Differences Between Single-sided PCB and Double-sided PCB
Single and double-sided printed circuit boards share identical material make-up: FR-4, a form of fiberglass mixed with epoxy. In modern manufacturing, this is usually layered with copper for conductivity and then coated in a solder mask for a professional finish. Sometimes, in a process called silk screening, industrial printers print markings and labels on the board.
Single-sided PCBs consist of the FR4 insulating core substrate and a thin layer of copper coating on the bottom or solder-side of the substrate. Through-hole components mount on the top or component-side of the substrate, with the leads passing through to the bottom side and soldered to the copper pads and tracks. Surface mount components mount directly to the solder side. The primary difference between the two boards will be in conductor placement.
Double-sided PCB boards rely on the same core substrate but have conductors on both sides of the substrate. Very directly, a double-sided circuit board delivers twice the area for conductors. Complex routing can occur with through-hole components mounted on the top layer and surface mount components attached to the bottom layer. Plated through-holes establish “vias” or the electrical connections between the two sides.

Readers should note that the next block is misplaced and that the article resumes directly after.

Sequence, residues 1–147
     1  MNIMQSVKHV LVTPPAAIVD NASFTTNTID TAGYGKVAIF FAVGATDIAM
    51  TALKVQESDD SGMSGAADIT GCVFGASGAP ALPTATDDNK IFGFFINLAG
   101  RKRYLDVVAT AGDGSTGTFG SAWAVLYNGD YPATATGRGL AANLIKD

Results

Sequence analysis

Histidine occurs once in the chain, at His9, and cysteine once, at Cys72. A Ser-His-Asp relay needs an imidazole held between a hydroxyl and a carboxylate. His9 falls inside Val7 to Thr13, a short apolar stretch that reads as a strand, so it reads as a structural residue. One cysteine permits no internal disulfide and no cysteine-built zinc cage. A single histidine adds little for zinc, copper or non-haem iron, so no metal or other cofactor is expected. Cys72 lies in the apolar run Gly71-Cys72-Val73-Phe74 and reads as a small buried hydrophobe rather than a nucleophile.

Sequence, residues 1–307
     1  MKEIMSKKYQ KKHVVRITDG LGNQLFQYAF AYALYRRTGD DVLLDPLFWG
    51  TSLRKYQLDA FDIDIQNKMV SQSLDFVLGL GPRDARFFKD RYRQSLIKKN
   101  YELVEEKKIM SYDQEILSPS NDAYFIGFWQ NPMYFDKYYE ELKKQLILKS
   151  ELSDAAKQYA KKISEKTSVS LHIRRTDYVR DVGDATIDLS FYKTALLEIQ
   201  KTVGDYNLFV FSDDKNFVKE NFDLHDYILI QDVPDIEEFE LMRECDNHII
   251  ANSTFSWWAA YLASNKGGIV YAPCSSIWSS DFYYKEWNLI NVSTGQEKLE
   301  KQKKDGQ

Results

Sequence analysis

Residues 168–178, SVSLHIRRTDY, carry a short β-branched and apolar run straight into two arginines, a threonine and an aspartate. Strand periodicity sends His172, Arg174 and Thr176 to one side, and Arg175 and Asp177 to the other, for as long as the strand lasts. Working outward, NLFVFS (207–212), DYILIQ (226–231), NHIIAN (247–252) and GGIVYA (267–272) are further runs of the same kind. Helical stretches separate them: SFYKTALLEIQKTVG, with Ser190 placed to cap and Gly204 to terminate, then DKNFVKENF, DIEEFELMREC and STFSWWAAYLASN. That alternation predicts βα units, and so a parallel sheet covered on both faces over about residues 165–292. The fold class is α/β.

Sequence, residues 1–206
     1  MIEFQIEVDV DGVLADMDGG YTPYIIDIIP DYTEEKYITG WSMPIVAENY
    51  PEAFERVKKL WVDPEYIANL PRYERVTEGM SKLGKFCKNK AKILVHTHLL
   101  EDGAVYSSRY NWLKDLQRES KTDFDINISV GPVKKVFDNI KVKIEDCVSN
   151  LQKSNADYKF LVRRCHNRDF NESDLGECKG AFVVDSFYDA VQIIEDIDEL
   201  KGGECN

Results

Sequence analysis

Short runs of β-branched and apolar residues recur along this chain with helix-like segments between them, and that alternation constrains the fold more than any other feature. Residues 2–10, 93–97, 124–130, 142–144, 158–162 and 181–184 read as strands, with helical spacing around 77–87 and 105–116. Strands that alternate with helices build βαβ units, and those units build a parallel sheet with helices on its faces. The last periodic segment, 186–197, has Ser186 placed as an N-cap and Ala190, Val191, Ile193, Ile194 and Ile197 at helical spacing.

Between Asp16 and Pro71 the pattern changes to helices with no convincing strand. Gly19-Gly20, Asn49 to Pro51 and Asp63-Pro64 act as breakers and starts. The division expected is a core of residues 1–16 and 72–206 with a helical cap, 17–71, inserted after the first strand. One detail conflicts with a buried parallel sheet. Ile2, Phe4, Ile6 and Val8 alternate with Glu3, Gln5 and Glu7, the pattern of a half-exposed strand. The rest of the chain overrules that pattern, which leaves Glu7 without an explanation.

Choose Single-Sided PCB or Double-Sided PCB?
Which PCB you pick depends on your needs and requirements. Sometimes single-sided PCBs are more suitable for project design as compared to double-sided PCBs and vice versa.
Before you pick any PCB type for your project, you must consider one thing that single-sided PCB layouts are more difficult to route than double-sided PCB. Still, the following are the reasons why you should put effort into making and picking single-sided PCBs over other PCBs.
If you are a hobbyist or student and concerned about making PCBs at home, you must know, developing single-sided PCBs at home are much more comfortable than designing double-sided PCBs at home.
You are a manufacturer and very much interested in keeping your cost down and producing a single-sided PCB a most economical process. In terms of price, producing single-sided PCBs are more economical than having double-sided PCBs.
Almost all HVAC systems use single-sided PCBs because they are more reliable and cost-effective and don`t compromise the overall quality of the product.
Using hole technology in single-sided PCBs still has drawbacks and limitations because conductive layers, lines, and pads stay on a single side of PCB, but it still is a cheap process to combine all components in one place. Multilayer PCB is also used in many applications where single-sided and double-sided PCBs fail to fulfill the requirements.